Most of us laugh a bit when Will Ferrell’s character in “Elf” proclaims maple syrup as one of the four food groups. But then again, most people think syrup is a required part of breakfast involving pancakes, waffles or French toast. And even though I knew the difference between some of the syrup used and maple syrup, and even though I knew maple syrup came from trees, I loved seeing how maple syrup is made during a brief trip to SwissLane Farms, near Grand Rapids, Michigan in February. Here are some of my photos from my second dairy farm visit!
My friend Annie Link (@DairyDiscovery on Twitter, who was at AFBF11 & GLRDC11) and her friend Jenna spent the day showing me around the farm and although the maple syrup part was at the end of our day, I was delayed posting it thanks to a crazy schedule & wanting to be sure I got it right. Every time I see breakfast foods, I think about Annie’s maple syrup…. real homemade maple syrup!
Going to “the Sugar Shack”
We left the barn headed to meet up with Jerry (Annie’s husband) and a bunch of Annie’s other family members. They were out by the “sugar shack” getting things ready to make maple syrup. Although it was pretty cold, the ground was really soft so we had an adventure as Jenna had to drive across a corn field with some slipping & sliding on the way. One of Annie’s uncles greeted us as we came up to the shack, wondering what we were up to. And then Annie explained what happened in the sugar shack.
As you can see & hear in the in the video, there are several steps to making maple syrup. And she gives us an overview of the process in the building and then we go to the woods. I would have cut off the video since it is a bit shaky, but I thought it was so beautiful, so ideally picturesque, that I had to keep it going!
Placing Buckets to be Ready When the Sap Runs
This is what the Oesch family was ding the day I was at the farm. They had a tractor pulling a wagon load of buckets through an area that over time they had cultivated maple trees in and eliminated some of the others. Having more maple trees seems important when you have a big family as well as the opportunity to sell some!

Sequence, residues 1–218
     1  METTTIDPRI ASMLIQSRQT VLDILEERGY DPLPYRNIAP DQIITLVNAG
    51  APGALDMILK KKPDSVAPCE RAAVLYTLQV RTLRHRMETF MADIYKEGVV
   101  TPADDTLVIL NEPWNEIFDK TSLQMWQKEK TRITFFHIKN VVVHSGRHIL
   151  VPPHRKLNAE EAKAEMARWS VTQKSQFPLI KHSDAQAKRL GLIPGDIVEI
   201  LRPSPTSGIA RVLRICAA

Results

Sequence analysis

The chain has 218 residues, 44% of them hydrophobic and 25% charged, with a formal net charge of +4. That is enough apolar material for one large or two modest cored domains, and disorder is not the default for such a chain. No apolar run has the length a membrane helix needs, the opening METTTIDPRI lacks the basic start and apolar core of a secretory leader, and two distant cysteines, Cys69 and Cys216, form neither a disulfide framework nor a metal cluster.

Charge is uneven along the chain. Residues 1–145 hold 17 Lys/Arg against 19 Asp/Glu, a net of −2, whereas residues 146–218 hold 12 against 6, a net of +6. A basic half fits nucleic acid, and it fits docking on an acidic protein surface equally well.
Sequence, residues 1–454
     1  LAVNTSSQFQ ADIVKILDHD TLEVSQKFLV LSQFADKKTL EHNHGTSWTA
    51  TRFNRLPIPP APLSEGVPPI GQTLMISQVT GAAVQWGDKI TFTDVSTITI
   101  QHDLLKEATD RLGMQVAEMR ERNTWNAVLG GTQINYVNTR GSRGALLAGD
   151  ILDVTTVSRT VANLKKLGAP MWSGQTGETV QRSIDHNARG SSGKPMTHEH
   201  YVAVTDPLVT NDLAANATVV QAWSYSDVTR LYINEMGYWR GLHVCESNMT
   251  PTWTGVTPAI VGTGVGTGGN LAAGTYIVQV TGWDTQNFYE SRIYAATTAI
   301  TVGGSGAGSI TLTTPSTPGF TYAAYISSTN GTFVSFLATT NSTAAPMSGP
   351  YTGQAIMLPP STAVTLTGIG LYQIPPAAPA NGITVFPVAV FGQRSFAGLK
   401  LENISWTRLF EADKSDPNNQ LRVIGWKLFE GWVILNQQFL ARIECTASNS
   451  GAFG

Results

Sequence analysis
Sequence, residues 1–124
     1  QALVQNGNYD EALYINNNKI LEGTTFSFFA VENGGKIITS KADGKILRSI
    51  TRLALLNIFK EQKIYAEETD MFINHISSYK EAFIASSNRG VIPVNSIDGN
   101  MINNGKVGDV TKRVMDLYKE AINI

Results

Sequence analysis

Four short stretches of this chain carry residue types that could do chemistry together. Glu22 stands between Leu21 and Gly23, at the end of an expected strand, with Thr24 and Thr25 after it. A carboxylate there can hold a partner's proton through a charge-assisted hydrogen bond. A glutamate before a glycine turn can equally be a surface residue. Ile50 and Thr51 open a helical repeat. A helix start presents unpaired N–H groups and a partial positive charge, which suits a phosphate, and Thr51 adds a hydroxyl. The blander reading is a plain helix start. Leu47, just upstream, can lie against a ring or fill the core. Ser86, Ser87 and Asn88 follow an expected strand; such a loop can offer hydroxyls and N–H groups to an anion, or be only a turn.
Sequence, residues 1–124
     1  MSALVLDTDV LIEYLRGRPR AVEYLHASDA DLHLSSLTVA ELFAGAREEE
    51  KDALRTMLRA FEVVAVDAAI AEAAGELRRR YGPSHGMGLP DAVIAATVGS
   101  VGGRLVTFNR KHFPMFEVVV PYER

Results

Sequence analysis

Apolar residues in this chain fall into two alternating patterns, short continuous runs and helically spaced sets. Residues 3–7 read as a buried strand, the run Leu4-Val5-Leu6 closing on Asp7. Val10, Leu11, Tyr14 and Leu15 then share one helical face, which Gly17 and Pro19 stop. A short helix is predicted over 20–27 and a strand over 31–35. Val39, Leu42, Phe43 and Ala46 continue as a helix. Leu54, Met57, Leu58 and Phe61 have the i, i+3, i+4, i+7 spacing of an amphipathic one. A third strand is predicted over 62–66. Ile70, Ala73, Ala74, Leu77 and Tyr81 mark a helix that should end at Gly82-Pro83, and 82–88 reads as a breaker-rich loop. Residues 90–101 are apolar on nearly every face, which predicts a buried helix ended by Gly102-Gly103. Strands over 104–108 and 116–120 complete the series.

The tractor was moving through the woods slowly and each of the people following it, including Jerry, would grab a stack of buckets, walk out placing them and come back for more.
Tap the Trees & Gather the Sap
Annie’s family gathers 1,500 or so buckets of sap each year for their syrup making.With that amount, they have invested in a tank where the sap is collected throughout the sap run to be ready for cooking. Sap runs when its freezing at night and warm during the day.
Cook the Water Out
Cooking the sap reduces the amount as it concentrates the sugar. Annie describes the sap as a type of sugar water. The family gets together in the “sugar shack” as people continue gathering the sap, others work on cooking it down and still more keep meals going for all the workers!
As the sap cooks in the evaporator, the thicker part works its way through a series of channels raising the temperature & getting it more concentrated.
It takes 40-50 gallons of sap to make one gallon of syrup!
When the temperature raises to 219 degrees, the syrup is ready and is placed in jugs! She says the smell of maple syrup cooking is incredible! The amount made varies a lot based on the weather and this year’s winter turned to really warm spring so the three week process yielded 275 gallons, that’s a lot smaller than the record year that included another 1,000 gallons!
The setup the Oesch family has is fairly elaborate but Annie says they’ve — well, Jerry has — made syrup in their back yard! It’s a dirty job making maple syrup between all the mud and sap, clothes and the house take a beating.
More blog posts to read for weekend breakfast ideas!
Annie’s written a few posts about their syrup making:
- The Sugar Shanty which includes a full set of photos of their process.
- Maple Syrup Season 2011 which she wrote for the Farm Fresh Food blog in Michigan.
- Milk, Manure, and Maple Syrup in March a short look at what March is like on the farm.
My friend Ryan Goodman’s post about ground beef omelets.Friend Brian Scott asks you to think about what sort of syrup you prefer — maple syrup or syrup of another sort. IMy brother from another mother, Ray Prock has had people ask him if their milk is safe, he answers here.
Friend Jesse R. Bussard’s family taps maple trees and boils down sap every year to make syrup too.
Sarah Bedgar Wilson and her family did a YouTube video on hard red spring wheat harvest, which is used to make bread.
Erica Beck offers up a recipe for honey oat muffins, her go to recipe.